Some outstanding favorites of 2011: super early, red, sml-med, heaviest producers…Canestra Cluster & Petitebec. The Oxhearts really shone: Russian Bull Heart, Portuguese Bull Heart, Black Ox Heart, Jerusalem and if one can consider Dad’s Mug as an Ox Heart or rather a huge Roma. (easy weights of 1 to 2 lbs) The first 2 offered high production…for an oxheart! Outstanding Orange varieties in earliness & production: Auriga and Chukkloma Orange …again! Outstanding Bi-colors: Virginia Sweets, Red Belly, German Mammoth Gold and Texas Star. These threw their weigh around from 1½ to almost 3 lbs. & certainly put on the Ritz in production. What monsters, what color! Outstanding Yellow: Ildi in a class by itself! I was sure I had a Dwarf in there somewhere, as I remembered from 2004…not-ta! All hit 6 ft plus…darn! Production?…don’t even go there! Another surprise…Ruffled Yellow showed NO blossom end rot, as it was yearly plagued with. Nice surprise. Production was even greater. Outstanding Greens: Lime Green Salad and Green Sausage ran away with the prize. Here were 2 short bushy plants, both overwhelmed me with their terrific production …all season long. Outstanding Whites: Brandywine White, White Beauty, White Oxheart, White Zebra and White Rabbit. The giants were giants & plentiful and the small were prolific, many with surprisingly great tomato flavor. Some fantastic Romas: Black Pear, (the unusual) Gezahnte & Opalka. I did not trial as many Blacks this year, but still found some great mention-ables (esp. for production): Japanese Blk. Trefele (all 3 suppliers), Carbon, Black Plum, Purple Russian, Indische Fleisch, Indian Stripe AND I esp. loved the little Noire de Crimee! Yes, the fruits did some splitting, but the flavor blew me away. There were some I just could not get over their production, size AND flavor. Landry’s Russian was huge, round, smooth and ALL the fore-mentioned. Lunch Box was a heavy producer, although not great in flavor. Olirose de St. Dominque stood tall, offering a ton of oval pure pink heavy fruits. Mystery Keeper had such a load of perfectly round, large, heavy, light orange fruits, it needed extra support! Such short plant, too. Striped Hollow: outstanding gorgeous color, fruit size, production, with no short plants anywhere. There were too many great big beefsteaks performers here to mention. Other fine var. worth noting: Brazil, Lemon Boy, (the real weird) Don Juan, Pink Niblets, Placero, Yellow Plum, Red Peach and my all time fav. Garden Peach! Ok! Enough already!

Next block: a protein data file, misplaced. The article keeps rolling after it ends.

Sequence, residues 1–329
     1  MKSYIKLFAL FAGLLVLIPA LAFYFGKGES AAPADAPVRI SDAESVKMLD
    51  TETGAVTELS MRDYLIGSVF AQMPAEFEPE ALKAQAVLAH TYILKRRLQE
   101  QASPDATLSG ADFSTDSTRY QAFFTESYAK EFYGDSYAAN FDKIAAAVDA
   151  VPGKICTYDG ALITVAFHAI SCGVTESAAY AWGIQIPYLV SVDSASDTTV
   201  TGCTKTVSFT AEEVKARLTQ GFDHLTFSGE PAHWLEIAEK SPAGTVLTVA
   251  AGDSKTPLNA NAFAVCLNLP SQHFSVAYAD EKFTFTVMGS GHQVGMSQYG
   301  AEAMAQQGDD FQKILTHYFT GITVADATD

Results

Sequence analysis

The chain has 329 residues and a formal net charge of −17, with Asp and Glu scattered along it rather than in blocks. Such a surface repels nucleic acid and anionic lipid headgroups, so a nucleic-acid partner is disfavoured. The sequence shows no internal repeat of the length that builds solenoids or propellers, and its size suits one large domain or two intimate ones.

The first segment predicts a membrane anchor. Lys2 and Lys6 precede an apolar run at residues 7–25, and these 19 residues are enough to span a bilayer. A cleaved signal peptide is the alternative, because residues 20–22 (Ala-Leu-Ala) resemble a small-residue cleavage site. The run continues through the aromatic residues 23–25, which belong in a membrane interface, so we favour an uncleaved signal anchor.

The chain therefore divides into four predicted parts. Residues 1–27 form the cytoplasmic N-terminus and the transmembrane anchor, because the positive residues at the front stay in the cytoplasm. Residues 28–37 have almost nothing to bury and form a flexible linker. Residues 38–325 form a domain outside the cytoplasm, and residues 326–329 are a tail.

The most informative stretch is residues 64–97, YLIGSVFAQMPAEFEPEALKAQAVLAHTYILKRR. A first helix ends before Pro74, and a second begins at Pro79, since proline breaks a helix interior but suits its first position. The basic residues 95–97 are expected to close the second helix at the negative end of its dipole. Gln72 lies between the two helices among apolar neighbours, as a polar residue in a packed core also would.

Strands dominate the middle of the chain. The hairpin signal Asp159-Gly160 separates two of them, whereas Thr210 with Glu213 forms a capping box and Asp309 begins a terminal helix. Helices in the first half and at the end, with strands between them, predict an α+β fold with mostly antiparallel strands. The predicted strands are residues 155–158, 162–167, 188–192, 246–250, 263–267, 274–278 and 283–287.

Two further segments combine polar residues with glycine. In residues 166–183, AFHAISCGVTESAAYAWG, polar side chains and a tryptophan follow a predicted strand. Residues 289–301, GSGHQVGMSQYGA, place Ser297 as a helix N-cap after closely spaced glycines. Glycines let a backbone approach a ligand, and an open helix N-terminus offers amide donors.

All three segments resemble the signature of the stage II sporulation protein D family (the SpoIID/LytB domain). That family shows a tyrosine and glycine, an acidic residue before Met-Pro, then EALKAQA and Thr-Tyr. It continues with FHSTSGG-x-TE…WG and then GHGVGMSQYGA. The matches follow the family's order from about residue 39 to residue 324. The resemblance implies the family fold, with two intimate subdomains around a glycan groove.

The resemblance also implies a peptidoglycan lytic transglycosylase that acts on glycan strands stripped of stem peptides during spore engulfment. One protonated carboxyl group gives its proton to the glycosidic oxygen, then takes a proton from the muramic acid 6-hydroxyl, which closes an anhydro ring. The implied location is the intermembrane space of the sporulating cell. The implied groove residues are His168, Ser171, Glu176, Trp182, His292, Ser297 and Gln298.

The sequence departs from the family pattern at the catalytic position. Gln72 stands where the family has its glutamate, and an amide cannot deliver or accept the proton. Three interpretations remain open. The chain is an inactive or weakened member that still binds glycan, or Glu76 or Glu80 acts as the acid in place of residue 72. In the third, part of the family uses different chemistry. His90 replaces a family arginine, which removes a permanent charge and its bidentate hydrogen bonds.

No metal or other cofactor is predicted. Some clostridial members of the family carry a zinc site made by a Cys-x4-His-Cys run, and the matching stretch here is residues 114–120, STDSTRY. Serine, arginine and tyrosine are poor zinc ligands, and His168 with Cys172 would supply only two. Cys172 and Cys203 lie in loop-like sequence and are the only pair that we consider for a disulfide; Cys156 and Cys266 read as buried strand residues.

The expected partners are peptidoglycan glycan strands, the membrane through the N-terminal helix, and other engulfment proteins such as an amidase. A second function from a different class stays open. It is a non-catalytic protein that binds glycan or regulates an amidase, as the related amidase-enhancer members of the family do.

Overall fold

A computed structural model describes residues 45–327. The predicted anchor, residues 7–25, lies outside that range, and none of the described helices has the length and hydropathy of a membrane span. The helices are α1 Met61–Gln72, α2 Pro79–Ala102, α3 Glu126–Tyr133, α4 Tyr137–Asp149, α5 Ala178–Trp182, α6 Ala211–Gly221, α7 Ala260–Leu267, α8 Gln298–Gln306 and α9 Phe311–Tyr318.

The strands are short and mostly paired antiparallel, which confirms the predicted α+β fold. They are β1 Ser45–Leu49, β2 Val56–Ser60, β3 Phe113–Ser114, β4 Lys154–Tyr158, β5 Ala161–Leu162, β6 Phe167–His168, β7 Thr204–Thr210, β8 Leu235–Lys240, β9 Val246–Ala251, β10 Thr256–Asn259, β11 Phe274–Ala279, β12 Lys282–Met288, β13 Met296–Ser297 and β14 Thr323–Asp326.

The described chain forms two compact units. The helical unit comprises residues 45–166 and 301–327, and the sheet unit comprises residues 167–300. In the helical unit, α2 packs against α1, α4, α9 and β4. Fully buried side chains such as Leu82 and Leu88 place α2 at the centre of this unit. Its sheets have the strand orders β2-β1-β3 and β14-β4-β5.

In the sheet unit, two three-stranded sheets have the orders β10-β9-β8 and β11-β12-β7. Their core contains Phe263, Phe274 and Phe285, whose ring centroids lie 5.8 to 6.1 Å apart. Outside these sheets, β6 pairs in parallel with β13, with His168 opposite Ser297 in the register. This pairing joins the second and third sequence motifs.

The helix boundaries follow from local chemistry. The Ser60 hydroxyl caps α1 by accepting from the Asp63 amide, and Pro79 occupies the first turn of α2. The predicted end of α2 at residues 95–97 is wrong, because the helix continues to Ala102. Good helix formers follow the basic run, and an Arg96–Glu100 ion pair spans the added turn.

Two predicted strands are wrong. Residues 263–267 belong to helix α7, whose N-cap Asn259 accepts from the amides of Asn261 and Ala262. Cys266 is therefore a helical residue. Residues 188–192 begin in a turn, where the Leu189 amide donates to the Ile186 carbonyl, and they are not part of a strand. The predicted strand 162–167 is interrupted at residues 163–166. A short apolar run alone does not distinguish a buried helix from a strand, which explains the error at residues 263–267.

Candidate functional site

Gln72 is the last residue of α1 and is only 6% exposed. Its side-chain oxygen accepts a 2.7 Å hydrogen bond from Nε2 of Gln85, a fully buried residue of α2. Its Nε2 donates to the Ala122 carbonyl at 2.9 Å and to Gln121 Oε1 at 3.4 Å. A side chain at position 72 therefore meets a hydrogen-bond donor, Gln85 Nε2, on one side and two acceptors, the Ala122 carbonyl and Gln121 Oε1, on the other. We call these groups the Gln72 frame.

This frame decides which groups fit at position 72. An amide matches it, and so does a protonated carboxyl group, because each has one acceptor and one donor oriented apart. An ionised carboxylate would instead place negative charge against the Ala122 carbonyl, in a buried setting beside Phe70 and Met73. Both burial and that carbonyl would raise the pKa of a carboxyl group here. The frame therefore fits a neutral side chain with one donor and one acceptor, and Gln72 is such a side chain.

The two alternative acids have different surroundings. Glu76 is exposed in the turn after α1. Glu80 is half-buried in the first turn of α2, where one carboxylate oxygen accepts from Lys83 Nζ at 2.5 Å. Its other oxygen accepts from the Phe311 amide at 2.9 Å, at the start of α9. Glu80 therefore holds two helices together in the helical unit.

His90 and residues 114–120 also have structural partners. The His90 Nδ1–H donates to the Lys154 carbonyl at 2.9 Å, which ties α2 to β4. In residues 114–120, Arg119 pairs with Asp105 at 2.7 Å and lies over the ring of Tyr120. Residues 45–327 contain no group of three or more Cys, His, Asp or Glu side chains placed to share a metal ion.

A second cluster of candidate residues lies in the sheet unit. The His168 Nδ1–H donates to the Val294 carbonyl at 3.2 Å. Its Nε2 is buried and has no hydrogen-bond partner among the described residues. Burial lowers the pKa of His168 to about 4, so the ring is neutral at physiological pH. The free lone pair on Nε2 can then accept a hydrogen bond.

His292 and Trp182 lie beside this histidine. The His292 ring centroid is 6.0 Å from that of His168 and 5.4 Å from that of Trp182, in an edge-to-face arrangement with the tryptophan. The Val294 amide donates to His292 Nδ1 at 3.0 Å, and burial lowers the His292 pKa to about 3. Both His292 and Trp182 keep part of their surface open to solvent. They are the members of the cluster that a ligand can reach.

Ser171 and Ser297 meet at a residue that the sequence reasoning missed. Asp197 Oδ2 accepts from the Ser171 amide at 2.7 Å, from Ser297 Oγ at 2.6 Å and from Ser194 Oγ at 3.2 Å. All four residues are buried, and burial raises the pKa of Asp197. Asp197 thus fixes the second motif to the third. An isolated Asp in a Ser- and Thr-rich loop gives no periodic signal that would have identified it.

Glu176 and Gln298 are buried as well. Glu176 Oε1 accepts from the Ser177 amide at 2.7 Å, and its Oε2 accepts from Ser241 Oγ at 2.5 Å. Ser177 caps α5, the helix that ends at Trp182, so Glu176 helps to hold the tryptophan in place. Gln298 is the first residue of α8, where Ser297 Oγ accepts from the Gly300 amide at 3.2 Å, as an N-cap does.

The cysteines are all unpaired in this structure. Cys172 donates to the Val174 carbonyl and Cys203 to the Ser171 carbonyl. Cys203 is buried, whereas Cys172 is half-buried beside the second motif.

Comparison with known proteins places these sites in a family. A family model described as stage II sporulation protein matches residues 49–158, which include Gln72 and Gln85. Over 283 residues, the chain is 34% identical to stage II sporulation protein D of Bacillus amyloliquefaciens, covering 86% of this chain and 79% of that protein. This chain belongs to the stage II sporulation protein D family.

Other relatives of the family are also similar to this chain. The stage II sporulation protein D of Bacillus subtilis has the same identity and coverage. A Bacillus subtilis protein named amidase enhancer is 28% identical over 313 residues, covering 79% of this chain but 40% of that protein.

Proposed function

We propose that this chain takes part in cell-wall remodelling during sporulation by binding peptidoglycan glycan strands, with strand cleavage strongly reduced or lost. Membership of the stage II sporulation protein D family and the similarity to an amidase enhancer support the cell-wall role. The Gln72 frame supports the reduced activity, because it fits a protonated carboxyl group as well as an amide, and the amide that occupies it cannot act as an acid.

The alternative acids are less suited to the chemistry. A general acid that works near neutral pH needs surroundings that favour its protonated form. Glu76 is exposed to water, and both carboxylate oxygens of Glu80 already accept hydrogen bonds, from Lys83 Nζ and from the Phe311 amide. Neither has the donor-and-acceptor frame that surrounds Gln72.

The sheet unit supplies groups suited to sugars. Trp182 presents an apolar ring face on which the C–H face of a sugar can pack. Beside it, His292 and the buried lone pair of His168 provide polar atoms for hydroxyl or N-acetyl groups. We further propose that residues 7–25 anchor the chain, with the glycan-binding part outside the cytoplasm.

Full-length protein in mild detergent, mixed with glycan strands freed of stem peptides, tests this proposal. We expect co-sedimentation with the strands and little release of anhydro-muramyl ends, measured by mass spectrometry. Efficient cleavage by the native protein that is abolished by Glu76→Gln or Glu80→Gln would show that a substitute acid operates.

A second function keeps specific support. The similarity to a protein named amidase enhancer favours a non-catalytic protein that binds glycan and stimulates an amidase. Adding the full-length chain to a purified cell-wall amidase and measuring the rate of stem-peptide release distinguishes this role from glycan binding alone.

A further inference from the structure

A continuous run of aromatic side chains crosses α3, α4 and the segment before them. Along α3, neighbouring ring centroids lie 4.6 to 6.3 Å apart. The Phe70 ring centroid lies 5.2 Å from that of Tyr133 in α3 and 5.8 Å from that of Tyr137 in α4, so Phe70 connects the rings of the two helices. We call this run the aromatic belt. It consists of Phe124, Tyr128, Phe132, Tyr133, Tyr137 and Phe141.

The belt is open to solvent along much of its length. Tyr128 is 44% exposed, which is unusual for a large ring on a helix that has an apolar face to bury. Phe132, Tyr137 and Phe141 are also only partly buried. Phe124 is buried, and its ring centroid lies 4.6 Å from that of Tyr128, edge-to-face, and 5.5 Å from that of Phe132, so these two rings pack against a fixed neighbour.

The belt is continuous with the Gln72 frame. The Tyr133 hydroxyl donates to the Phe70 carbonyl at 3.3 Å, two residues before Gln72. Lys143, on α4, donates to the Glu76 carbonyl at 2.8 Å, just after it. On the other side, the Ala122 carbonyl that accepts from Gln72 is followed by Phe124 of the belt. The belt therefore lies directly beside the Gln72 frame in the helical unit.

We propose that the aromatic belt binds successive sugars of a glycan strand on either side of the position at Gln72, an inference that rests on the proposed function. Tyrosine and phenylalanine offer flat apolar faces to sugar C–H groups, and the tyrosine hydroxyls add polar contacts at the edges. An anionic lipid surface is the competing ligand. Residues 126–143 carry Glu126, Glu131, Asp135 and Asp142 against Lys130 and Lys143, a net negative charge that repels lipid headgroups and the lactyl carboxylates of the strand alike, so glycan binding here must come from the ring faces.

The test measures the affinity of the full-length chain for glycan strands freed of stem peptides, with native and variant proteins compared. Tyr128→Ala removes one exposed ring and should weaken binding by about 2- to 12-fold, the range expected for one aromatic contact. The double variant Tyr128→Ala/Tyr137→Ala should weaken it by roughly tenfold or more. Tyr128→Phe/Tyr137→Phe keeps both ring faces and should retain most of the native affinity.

From the beginning to their chilly end, our tomato varieties showed almost NO disease this year. In some cases, I would find a couple of handfuls of brown leaves, at the base of some heavily foliated varieties, “pocketed” in the very middle. It seemed to have resulted from just a lack of air circulation. Once I removed the lower leaves, no further problems would result. The fact that I mulched with grass clippings, quite heavily, may have been a factor. I have also had reports from other growers…they not having much disease problems either. How can one year be so different from another, boggles my mind.